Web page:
By now, you’ve probably heard that 22FDX targets a cost/die comparable to 28SLP while offering a performance boost from its next-generation FD transistors. 22FDX also offers the ability to integrate RF features and an opportunity to reduce RF power consumption significantly.
Most of the story has focused on PPA (power-performance-area) enhancements, but I see two aspects of this people may have overlooked. To prove out the 22FDX process, GF decided to tape out a baseline implementation for comparison. The starting point was the same: a quad-core Cortex-A17 using the same processor core macro.
However, taking full advantage of 22FDX is not as simple as dropping in a 28SLP design. Details of body-bias routing come into play. We’ve seen the above picture before as well. One can apply reverse body-bias (RBB) to raise VT and lower leakage, or apply forward body-bias (FBB) to lower VT and increase maximum frequency. FBB uses a flipped-well architecture where the nMOS transistor sits on the N-well and the pMOS transistor sits on the P-well.
Winkler launches into an overview of how GF has teamed with Cadence on tools handling the details of body-biasing and other details of the 22FDX design flow. Philosophically, GF chose to implement one unified body-bias scenario for the Cortex-A17 baseline tests in 22FDX. They placed each of the cores on its own power domain, and brought in 5 pairs of body-bias nets with an outer ring approach (the white lines around the “non-CPU” block and the boundary of the four cores).
One of the interesting points is the body-bias networks are known to the design flow. GF leverages support for UPF in the Cadence platform (UPF scripts were heavily used), as well as multi-corner PVT and PVTB support. There is also discussion of the details of handling cache. In this implementation, there are 14 different L1 cache macros, and one L2 cache macro. Each has to be supported for periphery body-biasing and bitcell array body-biasing, leading to the need for 5 body-bias net pairs. The routing has to obey high-voltage spacing rules.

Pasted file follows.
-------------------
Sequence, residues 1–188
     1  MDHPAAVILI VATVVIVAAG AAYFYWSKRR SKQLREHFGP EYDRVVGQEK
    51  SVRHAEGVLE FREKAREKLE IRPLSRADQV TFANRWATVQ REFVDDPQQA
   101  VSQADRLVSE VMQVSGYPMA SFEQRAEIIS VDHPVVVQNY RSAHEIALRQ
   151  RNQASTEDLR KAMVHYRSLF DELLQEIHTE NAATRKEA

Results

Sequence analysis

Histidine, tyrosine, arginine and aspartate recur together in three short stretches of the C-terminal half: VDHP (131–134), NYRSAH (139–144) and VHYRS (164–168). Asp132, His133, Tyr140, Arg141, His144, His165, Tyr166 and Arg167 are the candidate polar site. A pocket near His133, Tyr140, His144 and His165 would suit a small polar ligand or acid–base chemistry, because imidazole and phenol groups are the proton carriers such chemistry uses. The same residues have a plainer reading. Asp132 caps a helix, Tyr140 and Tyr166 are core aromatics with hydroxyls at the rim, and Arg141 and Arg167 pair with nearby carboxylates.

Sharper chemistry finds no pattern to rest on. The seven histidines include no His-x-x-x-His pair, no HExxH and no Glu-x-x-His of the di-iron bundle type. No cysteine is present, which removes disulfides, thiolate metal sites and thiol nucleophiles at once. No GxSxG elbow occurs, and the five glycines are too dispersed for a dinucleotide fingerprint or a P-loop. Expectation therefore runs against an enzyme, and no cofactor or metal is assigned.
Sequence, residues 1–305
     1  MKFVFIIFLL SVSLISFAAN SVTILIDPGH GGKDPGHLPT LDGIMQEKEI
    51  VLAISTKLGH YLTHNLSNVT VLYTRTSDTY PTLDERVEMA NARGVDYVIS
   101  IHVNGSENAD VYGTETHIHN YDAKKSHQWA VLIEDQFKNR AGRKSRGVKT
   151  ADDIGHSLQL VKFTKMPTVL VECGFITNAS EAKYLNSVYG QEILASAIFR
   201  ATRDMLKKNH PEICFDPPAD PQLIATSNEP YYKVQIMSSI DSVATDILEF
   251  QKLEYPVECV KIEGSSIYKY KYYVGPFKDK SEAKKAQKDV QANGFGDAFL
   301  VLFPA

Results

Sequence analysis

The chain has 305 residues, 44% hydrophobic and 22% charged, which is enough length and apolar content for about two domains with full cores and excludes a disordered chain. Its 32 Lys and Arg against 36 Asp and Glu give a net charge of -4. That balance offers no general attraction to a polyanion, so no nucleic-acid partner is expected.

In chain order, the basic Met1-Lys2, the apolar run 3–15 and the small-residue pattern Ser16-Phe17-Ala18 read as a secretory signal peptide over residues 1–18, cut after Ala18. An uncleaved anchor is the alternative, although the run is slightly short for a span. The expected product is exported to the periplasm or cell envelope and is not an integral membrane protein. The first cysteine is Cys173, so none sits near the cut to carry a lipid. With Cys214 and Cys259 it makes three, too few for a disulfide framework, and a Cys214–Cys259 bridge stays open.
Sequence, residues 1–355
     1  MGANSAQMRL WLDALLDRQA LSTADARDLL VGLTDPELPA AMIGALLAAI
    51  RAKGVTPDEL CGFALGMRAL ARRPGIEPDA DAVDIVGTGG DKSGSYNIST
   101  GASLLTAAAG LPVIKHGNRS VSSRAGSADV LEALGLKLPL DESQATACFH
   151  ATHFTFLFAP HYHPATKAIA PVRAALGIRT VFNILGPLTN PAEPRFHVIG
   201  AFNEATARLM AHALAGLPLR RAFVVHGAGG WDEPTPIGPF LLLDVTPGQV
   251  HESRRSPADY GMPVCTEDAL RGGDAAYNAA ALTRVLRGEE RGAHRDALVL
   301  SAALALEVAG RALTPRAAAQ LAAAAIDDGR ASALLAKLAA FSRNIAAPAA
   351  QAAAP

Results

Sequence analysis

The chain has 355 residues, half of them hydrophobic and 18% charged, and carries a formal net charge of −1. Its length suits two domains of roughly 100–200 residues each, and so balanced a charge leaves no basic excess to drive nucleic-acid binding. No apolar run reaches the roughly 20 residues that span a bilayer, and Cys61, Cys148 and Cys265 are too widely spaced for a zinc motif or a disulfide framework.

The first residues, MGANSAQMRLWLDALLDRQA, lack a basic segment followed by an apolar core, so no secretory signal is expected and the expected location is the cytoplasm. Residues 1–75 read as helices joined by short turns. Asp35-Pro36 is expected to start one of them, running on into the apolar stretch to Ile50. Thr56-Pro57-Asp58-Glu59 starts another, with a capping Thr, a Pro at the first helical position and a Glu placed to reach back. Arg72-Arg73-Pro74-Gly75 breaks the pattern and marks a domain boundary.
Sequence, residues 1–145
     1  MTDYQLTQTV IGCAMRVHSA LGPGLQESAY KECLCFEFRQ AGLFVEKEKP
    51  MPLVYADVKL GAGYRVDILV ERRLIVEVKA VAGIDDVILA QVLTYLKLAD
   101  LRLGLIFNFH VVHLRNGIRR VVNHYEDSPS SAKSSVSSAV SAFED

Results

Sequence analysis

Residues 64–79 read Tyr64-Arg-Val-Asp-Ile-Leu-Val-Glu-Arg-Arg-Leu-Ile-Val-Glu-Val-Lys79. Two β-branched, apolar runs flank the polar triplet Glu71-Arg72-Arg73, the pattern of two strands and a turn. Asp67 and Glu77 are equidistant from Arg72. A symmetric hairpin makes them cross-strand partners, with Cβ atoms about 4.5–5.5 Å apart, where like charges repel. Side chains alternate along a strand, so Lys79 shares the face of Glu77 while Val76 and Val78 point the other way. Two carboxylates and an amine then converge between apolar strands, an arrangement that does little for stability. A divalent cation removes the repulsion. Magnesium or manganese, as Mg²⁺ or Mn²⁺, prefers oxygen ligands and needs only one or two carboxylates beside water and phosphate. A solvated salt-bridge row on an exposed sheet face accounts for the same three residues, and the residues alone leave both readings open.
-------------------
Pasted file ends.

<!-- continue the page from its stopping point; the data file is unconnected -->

After the extensive discussion of how they added body-biasing to a quad-core Cortex-A17 in 22FDX, I got the distinct feeling that it is very hard to compare this big implementation apples-to-apples to the 28SLP baseline because no specific results were shared. Winkler switches to another story we’ve seen before, a PPA comparison on Cortex-A9 which is much simpler. The punchline of that story is for the same clock speed, the 22FDX version of the Cortex-A9 uses 45% less power and 45% less area – using RBB. One could choose to use FBB, and in that same 45% less area get 30% more frequency at the same power point.
That leads to what I think are the two main takeaways of 22FDX. To change the PPA target on bulk nodes, the implementation has to change. On 22FDX, using body-bias (possibly dynamically under software control) one can slide the same implementation up and down the power-frequency curve. Also, up front choices of either RBB or FBB can have a major impact – for example, in the same SoC on 22FDX a big Cortex-A17 cluster could use FBB for maximum performance, and a LITTLE Cortex-A9 cluster could use RBB for minimum power consumption.
You can see the entire GF webinar on 22FDX in the clear on YouTube:
How to Implement an ARM Cortex-A17 Processor in 22FDX FD-SOI Technology
There’s also much more information about 22FDX on the GF website. The investment in getting into 22FDX and having control over tuning an implementation using body-biasing puts it in a unique spot. Instead of just chasing smaller and smaller geometries, 22FDX captures the costs of a now-mature 28nm node with significant performance advantages.